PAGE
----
Britain: Blair’s overseas diplomacy highlights military crisis in Afghanistan

The visits by Prime Minister Tony Blair to Pakistan and Afghanistan and by Chancellor Gordon Brown to Iraq continue the desperate efforts of the British government to rescue its imperialist ambitions following the defeats suffered by the Bush administration in the United States mid-term elections.

Blair’s key foreign policy address to the City of London last week saw him make a call for greater international involvement in Iraq from regional powers such as Syria and Iran, in order to deal with the growing insurgency.

However, his proposals amount to little more than a wish list, the fulfillment of which depends on factors outside of Britain’s control.

The fact that it was left to Brown to make a low-key and unannounced visit to Basra indicates the scale of the problems facing the government. Britain’s Iraq policy is effectively in limbo. Entirely dependent upon the US, it can only be formulated once the factional conflict that has erupted in Washington finds some resolution. At present, Britain is pinning its hopes on the possibility that the Iraqi Survey Group will recommend a timetable of phased withdrawal, but this is by no means assured. The only certainty is that all sections of the Republican Party and the Democrats are united in their resolve that the insurgency cannot be seen to have won—raising the immediate prospect of worsening violence and bloodshed, rather than a let-up in hostilities.

For its part, the Blair government is just as clear that a defeat in Iraq would be a devastating blow to the strategic interests of British imperialism.

All that Brown could do in Basra was to promise additional financial aid towards Iraqi reconstruction and to suggest that troops may be withdrawn some time in the future. But without a dramatic scaling back of Britain’s military commitment, it faces the prospect of defeat in Afghanistan—the consequences of which would be just as damaging.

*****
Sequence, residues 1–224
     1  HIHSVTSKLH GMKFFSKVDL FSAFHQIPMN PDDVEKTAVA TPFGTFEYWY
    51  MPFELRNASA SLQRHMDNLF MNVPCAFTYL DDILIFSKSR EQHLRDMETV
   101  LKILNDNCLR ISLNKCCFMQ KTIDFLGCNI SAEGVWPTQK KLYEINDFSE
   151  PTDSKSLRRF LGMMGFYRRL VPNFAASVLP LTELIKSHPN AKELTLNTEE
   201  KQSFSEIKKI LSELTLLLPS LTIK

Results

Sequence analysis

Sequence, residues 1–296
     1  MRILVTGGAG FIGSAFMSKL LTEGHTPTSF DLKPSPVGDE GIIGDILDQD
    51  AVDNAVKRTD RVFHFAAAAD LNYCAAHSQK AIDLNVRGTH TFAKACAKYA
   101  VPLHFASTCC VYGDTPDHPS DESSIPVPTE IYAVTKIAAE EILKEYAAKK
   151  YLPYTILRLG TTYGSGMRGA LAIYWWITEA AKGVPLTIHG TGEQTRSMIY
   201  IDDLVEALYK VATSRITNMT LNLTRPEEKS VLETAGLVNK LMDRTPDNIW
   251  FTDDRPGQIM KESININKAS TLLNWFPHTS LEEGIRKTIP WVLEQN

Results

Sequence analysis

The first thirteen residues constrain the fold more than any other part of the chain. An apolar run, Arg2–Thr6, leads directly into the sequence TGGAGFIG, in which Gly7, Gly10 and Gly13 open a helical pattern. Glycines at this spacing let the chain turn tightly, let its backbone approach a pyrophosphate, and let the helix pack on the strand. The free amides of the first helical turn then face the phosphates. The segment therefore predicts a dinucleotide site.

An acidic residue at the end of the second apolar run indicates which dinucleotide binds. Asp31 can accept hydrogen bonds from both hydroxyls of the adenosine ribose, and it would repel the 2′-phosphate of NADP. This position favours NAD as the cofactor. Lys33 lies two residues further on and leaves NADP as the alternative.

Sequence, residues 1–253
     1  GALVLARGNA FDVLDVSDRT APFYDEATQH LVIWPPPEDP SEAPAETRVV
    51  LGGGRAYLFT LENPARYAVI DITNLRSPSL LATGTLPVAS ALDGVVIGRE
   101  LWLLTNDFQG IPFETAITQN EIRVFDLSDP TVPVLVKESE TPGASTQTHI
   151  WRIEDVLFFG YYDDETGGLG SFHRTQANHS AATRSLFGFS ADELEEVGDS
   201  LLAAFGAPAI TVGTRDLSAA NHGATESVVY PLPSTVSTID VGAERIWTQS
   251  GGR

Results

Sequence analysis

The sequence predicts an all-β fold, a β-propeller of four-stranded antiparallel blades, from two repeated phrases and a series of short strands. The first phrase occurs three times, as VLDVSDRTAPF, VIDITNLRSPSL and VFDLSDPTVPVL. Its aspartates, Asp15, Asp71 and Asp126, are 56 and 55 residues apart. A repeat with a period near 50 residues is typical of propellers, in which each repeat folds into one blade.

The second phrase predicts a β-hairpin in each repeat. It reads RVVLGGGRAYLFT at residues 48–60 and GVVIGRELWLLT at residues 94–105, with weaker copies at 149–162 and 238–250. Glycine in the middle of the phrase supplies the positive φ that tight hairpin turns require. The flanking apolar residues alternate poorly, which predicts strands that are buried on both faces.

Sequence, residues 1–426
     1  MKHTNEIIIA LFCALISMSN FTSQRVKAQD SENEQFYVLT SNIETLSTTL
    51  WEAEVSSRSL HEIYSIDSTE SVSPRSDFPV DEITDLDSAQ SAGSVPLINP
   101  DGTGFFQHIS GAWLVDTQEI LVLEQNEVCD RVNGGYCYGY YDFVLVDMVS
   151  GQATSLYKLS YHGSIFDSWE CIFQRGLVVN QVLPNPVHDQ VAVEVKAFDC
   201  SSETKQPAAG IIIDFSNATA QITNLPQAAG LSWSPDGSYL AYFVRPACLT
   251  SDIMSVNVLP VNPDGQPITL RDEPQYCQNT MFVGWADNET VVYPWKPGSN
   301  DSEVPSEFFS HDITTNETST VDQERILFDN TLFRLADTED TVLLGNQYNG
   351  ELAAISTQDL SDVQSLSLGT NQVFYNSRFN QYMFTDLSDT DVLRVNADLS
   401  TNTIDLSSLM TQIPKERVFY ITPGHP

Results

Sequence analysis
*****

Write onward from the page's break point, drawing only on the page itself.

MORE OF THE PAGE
Blair was not only avoiding Iraq when he chose to visit Lahore and Kabul. His meetings with Pakistan’s President Pervez Musharraf and Afghanistan’s Hamid Karzai were made necessary by the ever-worsening situation facing British troops. Forty-one British soldiers have died since the start of the US-led war in 2001, 36 since June of this year.

He used his meetings with the two leaders and an address to British troops to argue for greater emphasis to be placed on the Afghan conflict by the NATO powers. In a five-minute speech before 800 servicemen and -women at Camp Bastion in Helmand province, Blair made the extraordinary declaration that “Here in this extraordinary piece of desert is where the future of world security in the early twenty-first century is going to be played out.”

It was not long ago that Blair was making similar claims about the central significance of Iraq to justify a war that did nothing but destabilise the entire Middle East. To pin the fate of world security on the military subjugation of Afghanistan is no less disastrous. This is a region that Britain was never able to bring under control, even at the height of its empire.

All that has so far been achieved since the US-led offensive that brought down the Taliban regime is the setting up of a puppet government that has little authority outside of the capital. Throughout the country, the 31,000-strong United Nations-mandated International Security Assistance Force face continuous attacks.

Former US president Theodore Roosevelt famously summed up his approach to US foreign policy as “Speak softly and carry a big stick.” Blair’s approach to British foreign policy amounts to shouting loudly, whilst waving a twig.

In his efforts to rally the troops, he declared, “If your enemy is fighting you—and they are our enemy—then your response should be to fight them back even harder and with more determination.” Speaking alongside Karzai, he promised to “stick with it until the job is done.”